You rarely read this in the Western media. Rarely. "The bad involves those features (sectarianism, fundamentalism, jihadi and foreign fighters) that a prolonged battle virtually was bound to unearth and attract and that the regime did its utmost to exacerbate. Several opposition groups have adopted an increasingly fundamentalist discourse and demeanour, a trajectory that mirrors the conflict’s gradually deadlier and more confessional turn; popular loss of faith in the West; as well as mounting pledges of support from Gulf Arab states such as Saudi Arabia and Qatar. All this could be – and, looking back, was predicted to be – far worse. In the tug of war between society’s demons and its ability to resist them, the most encouraging aspect has been Syrians’ at times striking self-awareness, grasp of dangers ahead and attempts at course correction. Yet, this hardly justifies complacency. That is because the ugly is truly alarming. From the start of the crisis, the gulf between pro-opposition and proregime constituencies has grown exponentially. As if living in parallel worlds, each ostracises the other, meeting almost only in battle. Among armed rebels, activists and protesters, deeply-rooted, atavistic anti-Alawite (and anti-Shiite) prejudice resurfaces more intensely as time goes by: the minority community’s ways are alien, their mores primitive, their presence unnatural. Likewise, when evoking the fate of their foes, even mainstream Alawites can resort to bloodcurdling language." (thanks Laure)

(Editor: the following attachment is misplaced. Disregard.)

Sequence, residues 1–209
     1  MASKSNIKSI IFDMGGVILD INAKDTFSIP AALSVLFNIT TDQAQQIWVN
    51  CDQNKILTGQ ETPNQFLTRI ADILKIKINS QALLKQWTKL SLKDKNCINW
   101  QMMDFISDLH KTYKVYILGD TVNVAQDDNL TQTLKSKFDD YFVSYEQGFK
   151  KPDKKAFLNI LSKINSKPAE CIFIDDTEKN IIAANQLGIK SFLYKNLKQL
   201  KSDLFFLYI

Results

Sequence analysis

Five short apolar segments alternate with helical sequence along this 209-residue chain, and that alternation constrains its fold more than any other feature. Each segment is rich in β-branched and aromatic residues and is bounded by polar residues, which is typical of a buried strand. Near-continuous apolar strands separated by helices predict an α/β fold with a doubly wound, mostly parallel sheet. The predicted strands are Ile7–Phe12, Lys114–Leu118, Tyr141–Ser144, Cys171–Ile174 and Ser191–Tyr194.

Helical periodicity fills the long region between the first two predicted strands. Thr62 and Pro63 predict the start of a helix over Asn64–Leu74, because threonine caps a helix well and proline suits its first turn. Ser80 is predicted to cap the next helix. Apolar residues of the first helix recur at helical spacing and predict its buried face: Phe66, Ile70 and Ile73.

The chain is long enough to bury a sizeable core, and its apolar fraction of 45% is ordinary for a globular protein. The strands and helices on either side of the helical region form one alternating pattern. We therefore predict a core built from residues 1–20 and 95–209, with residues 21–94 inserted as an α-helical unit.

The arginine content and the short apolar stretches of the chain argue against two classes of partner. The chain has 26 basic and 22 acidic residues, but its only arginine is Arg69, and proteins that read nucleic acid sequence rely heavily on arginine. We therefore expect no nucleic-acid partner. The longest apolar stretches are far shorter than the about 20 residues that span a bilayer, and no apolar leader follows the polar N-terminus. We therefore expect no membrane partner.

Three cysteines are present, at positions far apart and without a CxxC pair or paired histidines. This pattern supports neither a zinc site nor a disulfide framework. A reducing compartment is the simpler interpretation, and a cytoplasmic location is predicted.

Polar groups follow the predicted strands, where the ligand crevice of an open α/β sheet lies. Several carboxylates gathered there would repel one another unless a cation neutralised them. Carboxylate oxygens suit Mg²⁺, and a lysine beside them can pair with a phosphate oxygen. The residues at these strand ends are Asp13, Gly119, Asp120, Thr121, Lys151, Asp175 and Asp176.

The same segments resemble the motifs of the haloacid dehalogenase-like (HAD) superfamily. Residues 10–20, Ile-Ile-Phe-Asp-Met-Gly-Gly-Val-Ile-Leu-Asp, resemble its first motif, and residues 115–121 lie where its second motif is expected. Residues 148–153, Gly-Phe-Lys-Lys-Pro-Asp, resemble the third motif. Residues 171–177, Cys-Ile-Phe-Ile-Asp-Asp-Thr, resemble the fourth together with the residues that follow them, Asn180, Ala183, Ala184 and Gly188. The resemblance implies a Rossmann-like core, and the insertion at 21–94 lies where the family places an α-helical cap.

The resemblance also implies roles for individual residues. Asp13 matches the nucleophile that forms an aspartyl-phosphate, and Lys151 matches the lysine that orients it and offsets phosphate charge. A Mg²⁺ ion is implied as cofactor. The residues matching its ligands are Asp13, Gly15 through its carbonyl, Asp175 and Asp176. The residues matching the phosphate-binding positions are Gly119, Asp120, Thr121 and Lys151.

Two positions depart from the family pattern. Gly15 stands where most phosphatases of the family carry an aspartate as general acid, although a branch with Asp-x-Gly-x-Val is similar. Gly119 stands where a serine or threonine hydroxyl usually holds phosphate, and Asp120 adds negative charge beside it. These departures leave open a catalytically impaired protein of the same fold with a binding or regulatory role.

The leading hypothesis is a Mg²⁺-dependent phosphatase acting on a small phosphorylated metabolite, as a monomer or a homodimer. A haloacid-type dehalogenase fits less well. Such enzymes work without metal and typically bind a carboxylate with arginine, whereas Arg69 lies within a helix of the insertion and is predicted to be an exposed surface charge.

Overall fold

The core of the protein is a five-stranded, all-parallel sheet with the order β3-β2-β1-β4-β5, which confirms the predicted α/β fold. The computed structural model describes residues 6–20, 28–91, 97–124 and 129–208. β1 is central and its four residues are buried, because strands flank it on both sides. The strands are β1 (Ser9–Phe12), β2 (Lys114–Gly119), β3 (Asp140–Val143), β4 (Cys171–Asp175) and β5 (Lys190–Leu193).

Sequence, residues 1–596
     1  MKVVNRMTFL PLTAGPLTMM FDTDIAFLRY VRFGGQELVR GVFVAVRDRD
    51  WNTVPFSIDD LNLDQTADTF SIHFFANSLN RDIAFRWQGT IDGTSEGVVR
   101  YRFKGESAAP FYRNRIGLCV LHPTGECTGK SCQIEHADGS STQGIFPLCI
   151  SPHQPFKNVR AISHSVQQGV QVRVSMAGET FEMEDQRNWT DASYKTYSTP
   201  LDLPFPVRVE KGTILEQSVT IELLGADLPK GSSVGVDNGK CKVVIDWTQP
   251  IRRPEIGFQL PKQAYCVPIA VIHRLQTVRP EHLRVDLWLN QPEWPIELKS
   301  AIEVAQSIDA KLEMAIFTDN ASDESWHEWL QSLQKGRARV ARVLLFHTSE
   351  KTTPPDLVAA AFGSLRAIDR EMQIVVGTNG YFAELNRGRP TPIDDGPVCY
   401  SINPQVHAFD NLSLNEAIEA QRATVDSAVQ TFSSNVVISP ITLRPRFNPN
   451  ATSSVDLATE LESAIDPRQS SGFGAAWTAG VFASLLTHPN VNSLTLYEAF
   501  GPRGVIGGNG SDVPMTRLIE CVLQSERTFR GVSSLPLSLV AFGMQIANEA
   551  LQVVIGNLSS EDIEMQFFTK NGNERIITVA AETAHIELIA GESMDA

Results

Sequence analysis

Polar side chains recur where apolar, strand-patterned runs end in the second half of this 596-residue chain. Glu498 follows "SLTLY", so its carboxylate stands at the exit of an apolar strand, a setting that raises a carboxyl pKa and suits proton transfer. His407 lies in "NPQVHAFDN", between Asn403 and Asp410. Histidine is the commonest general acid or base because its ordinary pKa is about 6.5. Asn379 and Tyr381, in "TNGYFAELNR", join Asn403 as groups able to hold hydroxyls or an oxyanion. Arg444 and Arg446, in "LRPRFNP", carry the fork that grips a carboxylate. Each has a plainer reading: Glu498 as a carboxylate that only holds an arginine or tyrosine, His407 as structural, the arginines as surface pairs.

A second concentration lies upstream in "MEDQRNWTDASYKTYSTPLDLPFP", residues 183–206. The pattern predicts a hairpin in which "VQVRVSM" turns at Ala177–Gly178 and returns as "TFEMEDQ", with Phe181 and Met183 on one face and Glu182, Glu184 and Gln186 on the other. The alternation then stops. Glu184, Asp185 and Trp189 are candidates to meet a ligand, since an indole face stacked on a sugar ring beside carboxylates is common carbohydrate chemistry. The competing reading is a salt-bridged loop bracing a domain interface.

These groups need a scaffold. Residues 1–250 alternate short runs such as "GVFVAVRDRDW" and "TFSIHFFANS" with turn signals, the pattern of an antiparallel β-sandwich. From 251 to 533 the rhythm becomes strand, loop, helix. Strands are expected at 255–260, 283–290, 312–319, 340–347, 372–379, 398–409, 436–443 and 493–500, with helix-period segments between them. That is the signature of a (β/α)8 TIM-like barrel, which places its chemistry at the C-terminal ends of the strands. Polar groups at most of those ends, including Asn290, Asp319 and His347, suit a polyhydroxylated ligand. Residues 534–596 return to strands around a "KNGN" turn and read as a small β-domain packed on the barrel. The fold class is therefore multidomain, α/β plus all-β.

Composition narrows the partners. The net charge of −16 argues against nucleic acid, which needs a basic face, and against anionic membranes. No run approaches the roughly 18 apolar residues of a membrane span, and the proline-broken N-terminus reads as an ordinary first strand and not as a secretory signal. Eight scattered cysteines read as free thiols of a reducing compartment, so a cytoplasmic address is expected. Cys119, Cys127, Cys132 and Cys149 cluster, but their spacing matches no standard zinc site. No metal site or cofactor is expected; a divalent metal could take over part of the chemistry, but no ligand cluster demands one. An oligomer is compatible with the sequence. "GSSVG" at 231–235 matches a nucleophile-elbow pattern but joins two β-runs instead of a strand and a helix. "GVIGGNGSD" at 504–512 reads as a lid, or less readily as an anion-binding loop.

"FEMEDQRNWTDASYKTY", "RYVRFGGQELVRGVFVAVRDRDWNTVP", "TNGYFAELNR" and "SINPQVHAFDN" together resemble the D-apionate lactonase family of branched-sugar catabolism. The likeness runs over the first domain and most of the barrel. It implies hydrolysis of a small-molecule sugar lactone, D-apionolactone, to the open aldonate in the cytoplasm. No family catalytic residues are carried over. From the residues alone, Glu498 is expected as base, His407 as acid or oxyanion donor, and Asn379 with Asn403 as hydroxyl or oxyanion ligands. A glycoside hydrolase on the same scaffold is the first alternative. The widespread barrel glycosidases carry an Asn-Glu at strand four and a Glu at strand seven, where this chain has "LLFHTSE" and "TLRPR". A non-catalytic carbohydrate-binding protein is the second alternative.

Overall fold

PS I am a fan of the writing of ICG reports. They have a good editor.